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Britain, New Zealand strike free trade deal, including haka clause

·2-min read

Britain and New Zealand have unveiled a comprehensive free trade deal, including a commitment aimed at preventing the revered Maori cultural tradition of the haka, famously performed by the All Blacks, from being misused.

The in-principle deal was sealed in a video call between British Prime Minister Boris Johnson and his New Zealand counterpart Jacinda Ardern, following 16 months of talks.

Johnson said it was a "big moment" that strengthened Britain's friendship with New Zealand and cemented London's ties in the Indo-Pacific.

He likened negotiations for Britain's latest post-Brexit trade deal to a rugby match.

"I'm absolutely thrilled that we seem to have driven for the line, we've scrummed down, we've packed tight and together we've got the ball over the line," he said.

Ardern continued the sporting analogy, saying Thursday that "unlike a rugby match, I think we can literally both come off the field feeling like winners".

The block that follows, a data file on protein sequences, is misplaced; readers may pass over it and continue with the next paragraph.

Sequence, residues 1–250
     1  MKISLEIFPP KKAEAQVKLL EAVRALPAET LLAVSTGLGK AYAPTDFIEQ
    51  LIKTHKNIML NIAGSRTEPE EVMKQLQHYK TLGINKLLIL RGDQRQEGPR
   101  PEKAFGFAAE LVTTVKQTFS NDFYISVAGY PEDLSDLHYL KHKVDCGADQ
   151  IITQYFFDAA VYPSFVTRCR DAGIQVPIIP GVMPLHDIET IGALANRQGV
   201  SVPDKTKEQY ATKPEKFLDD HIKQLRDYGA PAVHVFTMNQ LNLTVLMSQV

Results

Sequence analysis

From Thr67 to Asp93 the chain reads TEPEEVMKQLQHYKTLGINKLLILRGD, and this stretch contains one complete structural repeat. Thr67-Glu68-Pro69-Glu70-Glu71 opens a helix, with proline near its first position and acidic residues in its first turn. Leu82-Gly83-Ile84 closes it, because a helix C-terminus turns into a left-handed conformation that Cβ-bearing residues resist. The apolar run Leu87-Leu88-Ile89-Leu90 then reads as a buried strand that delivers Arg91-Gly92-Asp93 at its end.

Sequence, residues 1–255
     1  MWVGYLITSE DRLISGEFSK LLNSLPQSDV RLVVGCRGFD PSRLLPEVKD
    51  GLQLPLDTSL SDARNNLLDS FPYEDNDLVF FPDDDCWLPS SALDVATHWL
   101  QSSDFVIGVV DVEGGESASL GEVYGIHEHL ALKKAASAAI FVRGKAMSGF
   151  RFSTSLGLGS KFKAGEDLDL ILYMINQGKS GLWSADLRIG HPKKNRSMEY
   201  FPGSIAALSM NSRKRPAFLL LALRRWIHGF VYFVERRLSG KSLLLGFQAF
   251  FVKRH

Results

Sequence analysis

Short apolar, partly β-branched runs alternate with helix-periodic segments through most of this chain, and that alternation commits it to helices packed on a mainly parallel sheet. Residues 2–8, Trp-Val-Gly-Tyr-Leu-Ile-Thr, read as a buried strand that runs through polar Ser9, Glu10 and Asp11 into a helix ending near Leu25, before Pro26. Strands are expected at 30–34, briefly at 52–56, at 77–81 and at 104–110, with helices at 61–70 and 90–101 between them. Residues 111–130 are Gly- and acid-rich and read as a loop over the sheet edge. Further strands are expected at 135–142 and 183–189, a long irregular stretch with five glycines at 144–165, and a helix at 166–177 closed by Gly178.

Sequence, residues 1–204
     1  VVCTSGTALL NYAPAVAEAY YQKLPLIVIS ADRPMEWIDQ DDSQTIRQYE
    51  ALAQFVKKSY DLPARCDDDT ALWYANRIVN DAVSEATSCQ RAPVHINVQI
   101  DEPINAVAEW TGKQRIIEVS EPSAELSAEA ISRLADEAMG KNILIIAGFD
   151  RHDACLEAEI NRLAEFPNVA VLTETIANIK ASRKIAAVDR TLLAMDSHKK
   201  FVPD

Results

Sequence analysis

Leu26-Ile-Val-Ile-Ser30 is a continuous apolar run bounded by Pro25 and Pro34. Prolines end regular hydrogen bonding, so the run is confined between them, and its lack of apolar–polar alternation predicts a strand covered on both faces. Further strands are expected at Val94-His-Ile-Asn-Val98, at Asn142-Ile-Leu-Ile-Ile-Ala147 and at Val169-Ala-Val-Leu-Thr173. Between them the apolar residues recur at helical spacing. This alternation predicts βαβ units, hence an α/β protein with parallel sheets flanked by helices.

London said the deal ends tariffs on British exports such as clothing, footwear, ships and bulldozers. It estimated that trade between the two countries last year was worth £2.3 billion ($3.2 billion, 2.7 billion euros).

Tariffs on goods coming the other way, such as wine, kiwifruit and meat, will also be axed.

"It's one of our best deals ever and secured at a crucial time in our Covid recovery," Ardern said.

The New Zealand leader praised provisions in the agreement aimed at promoting Maori participation in trade and addressing indigenous concerns.

They include a commitment by both countries to "identify appropriate ways to advance recognition and protection of the haka Ka Mate".

The haka is best known as the spectacular pre-match challenge issued by the All Blacks, but it is also a revered cultural tradition among New Zealand's Maori.

Indigenous communities -- particularly the Ngati Toa iwi (tribe) where Ka mate originated -- have long resented the foot-stomping, eye-rolling challenge being mocked or exploited for profit.

Over the years, haka parodies have been used in Britain to sell everything from menswear to alcopops -- all without permission and without a cent being paid to the ritual's traditional owners.

The deal will encourage more cultural sensitivity, with London agreeing to formally recognise Ngati Toa's guardianship of the Ka Mate haka.

New Zealand Rugby and Ngati Toa have been approached for comment.

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